Sam Rainer: What is an Essential Church?
Why do more than two-thirds of churchgoing young adult Americans leave the church? Or to ask the question positively, why do one-third of churchgoing young adult Americans stay in the church? The answer to the latter question emerged from several years of research. Young adults are likely to stay in the church if they see church as essential to their lives.
Such an answer may seem so obvious that it does not merit much discussion. But the reality is that most churches in America are doing little to become essential to the lives of their members. Indeed, church is seen by most young adults today as but one option among many for their lives. It is no more important than work, leisure activities, or simply doing nothing.
The good news is that we have found churches that are retaining their young adult members. These churches have communicated clearly that the local church is essential to the lives of Christians. They have demonstrated biblically the New Testament reality that God intended for local congregations to gather, worship, disciple, minister, and evangelize. Their church members see the local congregation as a biblical fellowship that they deem critical for their lives.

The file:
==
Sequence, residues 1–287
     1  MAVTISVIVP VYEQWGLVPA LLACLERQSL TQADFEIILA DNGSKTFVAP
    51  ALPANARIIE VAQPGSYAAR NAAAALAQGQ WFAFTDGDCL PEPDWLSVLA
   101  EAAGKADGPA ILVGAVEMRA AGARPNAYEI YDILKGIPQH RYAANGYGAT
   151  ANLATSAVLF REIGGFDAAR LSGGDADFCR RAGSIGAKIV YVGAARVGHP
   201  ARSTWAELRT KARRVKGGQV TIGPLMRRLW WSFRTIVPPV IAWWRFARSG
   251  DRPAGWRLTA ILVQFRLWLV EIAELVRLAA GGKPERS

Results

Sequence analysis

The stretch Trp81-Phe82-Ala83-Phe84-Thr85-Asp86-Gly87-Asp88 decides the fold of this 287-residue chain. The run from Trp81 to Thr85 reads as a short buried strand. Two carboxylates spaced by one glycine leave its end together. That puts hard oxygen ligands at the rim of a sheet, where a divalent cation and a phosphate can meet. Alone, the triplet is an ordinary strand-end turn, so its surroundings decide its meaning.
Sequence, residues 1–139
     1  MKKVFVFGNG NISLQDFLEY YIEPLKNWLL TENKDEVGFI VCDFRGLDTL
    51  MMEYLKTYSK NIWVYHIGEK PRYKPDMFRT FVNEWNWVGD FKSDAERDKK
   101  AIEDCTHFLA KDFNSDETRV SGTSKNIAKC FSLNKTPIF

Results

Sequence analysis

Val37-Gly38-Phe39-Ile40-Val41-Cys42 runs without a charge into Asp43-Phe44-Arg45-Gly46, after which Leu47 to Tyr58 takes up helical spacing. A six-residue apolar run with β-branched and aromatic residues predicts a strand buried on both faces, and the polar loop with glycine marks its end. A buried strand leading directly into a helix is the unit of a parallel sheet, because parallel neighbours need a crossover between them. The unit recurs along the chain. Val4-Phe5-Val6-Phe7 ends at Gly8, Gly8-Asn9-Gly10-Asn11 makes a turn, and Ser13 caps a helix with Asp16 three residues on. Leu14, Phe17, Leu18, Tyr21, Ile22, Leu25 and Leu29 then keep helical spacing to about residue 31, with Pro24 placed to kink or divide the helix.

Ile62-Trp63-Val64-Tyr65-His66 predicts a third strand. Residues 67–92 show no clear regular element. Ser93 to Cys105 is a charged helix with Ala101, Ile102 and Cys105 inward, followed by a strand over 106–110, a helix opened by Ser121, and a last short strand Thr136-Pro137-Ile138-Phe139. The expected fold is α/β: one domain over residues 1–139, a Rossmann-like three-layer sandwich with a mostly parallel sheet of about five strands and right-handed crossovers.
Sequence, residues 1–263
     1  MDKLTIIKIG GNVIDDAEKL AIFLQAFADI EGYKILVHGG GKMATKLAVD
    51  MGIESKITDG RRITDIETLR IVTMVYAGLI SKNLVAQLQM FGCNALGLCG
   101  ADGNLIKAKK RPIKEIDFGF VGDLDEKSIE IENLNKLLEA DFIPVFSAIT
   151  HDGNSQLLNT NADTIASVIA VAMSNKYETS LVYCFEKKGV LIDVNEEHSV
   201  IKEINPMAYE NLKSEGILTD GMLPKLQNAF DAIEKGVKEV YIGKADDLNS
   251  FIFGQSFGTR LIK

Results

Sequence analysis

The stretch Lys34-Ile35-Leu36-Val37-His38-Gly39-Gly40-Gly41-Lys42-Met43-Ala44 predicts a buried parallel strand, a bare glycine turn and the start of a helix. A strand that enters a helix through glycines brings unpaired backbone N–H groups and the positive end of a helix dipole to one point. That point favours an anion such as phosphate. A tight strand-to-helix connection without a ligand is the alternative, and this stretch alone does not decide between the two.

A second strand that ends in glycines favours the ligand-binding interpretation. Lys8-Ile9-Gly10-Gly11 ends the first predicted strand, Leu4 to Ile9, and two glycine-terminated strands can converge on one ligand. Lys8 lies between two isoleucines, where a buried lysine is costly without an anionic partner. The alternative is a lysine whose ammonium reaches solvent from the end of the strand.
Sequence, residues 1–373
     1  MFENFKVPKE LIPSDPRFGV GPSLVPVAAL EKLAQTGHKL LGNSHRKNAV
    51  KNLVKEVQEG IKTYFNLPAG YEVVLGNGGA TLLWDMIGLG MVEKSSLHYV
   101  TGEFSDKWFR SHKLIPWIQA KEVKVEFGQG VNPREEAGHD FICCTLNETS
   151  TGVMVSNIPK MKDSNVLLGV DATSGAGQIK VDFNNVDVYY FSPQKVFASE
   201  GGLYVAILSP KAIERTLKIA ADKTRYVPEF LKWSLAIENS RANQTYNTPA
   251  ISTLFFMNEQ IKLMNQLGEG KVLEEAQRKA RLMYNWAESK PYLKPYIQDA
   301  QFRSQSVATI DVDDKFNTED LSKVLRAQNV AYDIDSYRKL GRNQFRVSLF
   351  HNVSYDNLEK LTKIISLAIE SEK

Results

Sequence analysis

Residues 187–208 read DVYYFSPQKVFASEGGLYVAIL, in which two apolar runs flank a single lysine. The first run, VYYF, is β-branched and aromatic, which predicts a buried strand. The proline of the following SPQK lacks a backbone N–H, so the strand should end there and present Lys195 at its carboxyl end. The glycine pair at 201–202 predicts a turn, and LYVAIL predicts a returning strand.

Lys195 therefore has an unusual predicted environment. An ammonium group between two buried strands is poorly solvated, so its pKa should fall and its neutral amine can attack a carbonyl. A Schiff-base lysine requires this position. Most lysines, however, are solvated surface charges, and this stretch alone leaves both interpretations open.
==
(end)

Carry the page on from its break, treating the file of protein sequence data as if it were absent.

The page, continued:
We call these congregations essential churches.
This book takes a simple path. In the first section we look at the disturbing phenomenon of church dropouts, focusing on those who dropped out between the ages of eighteen and twenty-two. In the second section of the book, we demonstrate the types of churches that do not lose these young adults as faithful churchgoers.
The essential church has four major components.
First, the church has learned to simplify. Eric Geiger and Thom wrote an entire book about this reality, Simple Church. Too many churches are filled with activities that have little coherent purpose. They have no clear process or structure for making disciples, in obedience to the Great Commission of Matthew 28:19–20.
Second, the church moves its members to deepen their knowledge of God's Word and His truths. These congregations have resisted the temptation to “dumb down” biblical teachings in an attempt to draw a crowd or to avoid tough issues.
Third, the church has high expectations of its members. Most sports teams and civic organizations expect more of their members than churches do. And when expectations are low, commitment is low. The high-expectation church expects much and, thus, receives much from its members. As a result, the church exodus is minimized.
Fourth, an essential church is committed to helping its members multiply spiritually. Evangelism is part of the heartbeat of the church. Missions and ministry are common in the lives of the members, and many of these essential churches seek to plant other churches.
Rainer III, Sam S. (2008-09-01). Essential Church . B&H Publishing. Kindle Edition.
Sam Rainer is speaking as part of the All Star Sunday School Training Team. To attend an event, or host an event. see http://allstarsundayschool.com/